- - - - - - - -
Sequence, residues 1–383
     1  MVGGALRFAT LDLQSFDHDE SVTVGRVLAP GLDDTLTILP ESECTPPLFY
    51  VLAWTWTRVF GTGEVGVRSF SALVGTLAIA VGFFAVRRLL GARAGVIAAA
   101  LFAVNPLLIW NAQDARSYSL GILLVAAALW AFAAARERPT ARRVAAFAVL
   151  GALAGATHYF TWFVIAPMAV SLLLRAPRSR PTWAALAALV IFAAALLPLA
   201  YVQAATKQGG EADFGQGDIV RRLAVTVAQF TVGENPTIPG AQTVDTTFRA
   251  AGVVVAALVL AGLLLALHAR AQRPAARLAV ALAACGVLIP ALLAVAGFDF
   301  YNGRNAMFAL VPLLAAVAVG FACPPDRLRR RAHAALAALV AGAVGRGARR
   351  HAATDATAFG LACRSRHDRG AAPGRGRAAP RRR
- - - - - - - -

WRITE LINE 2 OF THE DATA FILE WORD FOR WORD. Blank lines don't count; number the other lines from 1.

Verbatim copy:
     1  MVGGALRFAT LDLQSFDHDE SVTVGRVLAP GLDDTLTILP ESECTPPLFY